The concert began with a performance of Stravinsky’s Symphony in Three Movements, conducted by the Brazilian Marcelo Lehninger. Beginning the concert with the symphony is an unusual move, but Stravinsky’s symphony is anything but a conventional symphony. Drawing heavily from the music of Bartok and, seemingly, jazz-like improvisations on the composer’s themes in Rite of Spring, the Symphony is not a unified work even in its individual movements. Stravinsky seems to change direction at will and uses the work to introduce innumerable little musical ideas rather than grandiose, sweeping, large ideas, which is a fairly accurate characterization of Stravinsky, one of music’s supreme visionaries.

Soloist J'nai Bridges (standing), Matthew Aucoin (at piano)

Lehninger and a huge portion of the orchestra left the stage to make way for the “chamber” portion of the concert, in which the seating on the stage at Orchestra Hall was completely re-configured to give the strings the look of a concert ensemble, with the horns lined up in short rows behind them. This section of the concert was led by the up-and-coming composer Matthew Aucoin, whose impressive resume, which already includes an opera he is writing commissioned by the Metropolitan Opera, would seem to indicate a meteoric rise. The setup for this section, using the CSO in a game of musical chairs, was more exciting than the actual music itself, Stravinsky’s Eight Instrumental Miniatures, several tiny pieces which continued the theme of small musical ideas though here, the ideas were too small to make any impact, even a surface hit.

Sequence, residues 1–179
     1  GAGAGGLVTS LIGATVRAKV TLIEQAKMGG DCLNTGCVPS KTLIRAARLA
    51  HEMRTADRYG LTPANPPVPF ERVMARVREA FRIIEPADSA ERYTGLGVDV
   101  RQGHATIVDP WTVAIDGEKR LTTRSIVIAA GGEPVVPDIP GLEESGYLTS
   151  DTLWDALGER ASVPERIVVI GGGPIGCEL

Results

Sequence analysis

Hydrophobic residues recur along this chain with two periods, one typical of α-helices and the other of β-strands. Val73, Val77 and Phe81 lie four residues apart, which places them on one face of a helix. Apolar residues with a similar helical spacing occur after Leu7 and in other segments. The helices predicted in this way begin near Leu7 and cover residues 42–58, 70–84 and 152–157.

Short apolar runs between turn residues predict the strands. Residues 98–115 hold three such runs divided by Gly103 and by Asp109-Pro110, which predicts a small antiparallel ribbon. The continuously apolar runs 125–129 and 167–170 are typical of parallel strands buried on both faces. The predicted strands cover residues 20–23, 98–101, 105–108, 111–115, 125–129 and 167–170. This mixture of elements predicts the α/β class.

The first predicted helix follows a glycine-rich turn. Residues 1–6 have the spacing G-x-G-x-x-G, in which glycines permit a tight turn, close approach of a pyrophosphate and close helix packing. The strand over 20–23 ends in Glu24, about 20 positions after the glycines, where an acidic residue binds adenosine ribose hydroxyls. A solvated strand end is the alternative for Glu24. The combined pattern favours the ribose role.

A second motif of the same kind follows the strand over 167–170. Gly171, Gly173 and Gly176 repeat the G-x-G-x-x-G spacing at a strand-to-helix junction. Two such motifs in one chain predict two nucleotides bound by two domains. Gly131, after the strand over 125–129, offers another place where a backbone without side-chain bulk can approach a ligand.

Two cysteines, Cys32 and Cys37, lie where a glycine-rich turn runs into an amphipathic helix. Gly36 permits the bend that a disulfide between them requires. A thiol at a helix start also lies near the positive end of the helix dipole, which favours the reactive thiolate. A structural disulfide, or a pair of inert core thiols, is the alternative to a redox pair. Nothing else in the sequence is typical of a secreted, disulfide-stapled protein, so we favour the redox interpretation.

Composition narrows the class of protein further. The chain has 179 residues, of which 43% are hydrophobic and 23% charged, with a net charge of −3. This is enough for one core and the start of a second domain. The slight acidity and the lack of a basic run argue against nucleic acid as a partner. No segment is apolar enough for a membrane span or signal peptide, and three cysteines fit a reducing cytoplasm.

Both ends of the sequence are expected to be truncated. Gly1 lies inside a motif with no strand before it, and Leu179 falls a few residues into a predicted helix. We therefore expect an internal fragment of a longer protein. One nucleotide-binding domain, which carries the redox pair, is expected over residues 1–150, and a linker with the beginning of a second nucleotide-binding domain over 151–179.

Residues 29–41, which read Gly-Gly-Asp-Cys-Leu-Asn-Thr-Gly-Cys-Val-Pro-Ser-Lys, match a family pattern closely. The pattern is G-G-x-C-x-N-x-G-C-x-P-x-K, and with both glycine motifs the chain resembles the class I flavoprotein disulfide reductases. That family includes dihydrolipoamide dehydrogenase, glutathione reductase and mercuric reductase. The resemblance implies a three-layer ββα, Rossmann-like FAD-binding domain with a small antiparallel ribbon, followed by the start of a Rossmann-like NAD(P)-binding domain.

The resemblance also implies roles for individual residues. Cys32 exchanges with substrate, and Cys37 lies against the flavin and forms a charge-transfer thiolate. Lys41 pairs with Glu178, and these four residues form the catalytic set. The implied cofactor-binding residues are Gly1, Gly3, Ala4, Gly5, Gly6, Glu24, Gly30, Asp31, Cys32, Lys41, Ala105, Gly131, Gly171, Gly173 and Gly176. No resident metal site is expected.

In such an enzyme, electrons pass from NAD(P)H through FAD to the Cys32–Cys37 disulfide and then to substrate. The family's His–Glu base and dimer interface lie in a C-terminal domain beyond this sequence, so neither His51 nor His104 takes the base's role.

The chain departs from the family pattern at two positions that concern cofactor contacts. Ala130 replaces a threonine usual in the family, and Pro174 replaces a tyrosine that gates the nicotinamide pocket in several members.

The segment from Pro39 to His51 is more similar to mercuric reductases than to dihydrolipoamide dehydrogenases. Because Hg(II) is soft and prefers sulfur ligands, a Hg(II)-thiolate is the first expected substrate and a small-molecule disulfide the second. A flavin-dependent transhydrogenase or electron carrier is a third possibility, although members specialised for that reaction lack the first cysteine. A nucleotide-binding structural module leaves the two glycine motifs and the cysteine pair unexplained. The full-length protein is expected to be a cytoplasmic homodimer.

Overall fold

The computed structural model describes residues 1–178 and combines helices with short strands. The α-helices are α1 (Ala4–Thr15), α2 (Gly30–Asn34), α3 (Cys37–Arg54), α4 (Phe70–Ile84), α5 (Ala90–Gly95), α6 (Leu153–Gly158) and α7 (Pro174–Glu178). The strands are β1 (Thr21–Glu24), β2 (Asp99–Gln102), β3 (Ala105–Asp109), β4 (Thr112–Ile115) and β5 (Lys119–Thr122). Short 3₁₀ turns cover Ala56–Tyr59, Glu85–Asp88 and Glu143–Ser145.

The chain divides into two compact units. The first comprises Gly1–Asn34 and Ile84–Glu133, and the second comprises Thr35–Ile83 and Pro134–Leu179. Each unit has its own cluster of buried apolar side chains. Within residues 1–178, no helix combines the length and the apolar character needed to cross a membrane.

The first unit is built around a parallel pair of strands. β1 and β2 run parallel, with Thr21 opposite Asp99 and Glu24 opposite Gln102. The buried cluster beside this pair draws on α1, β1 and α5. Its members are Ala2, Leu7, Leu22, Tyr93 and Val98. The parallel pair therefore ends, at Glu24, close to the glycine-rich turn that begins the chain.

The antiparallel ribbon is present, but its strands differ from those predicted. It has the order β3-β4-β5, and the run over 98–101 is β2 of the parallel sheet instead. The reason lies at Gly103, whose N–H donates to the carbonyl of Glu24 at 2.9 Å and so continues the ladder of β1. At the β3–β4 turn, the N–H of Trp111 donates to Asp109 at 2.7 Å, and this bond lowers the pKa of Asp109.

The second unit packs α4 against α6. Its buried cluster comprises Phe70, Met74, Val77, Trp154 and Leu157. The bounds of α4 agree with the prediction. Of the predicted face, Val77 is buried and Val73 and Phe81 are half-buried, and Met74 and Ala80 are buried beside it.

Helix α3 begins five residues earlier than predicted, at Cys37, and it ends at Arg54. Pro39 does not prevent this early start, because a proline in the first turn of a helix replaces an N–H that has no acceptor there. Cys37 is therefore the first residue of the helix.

Matthew Aucoin

The concert continued with Aucoin on piano, who, along with cello and flute, accompanied J’nai Bridges in Ravel’s Chansons madécasses, several short lieder-like pieces set to poems. Bridges, a student of the Lyric Opera’s Ryan Opera Center, has become a ubiquitous fixture in Chicago’s music scene, and it’s easy to see why. She is one of the more expressive vocal artists I have heard recently, and her commitment and effort cannot be questioned, though her voice is not especially distinctive. Here, she was handicapped by Ravel’s songs which, despite their anti-imperialist tone, were not exciting musically.

 

J'nai Bridges and members of the Chicago Symphony Orchestra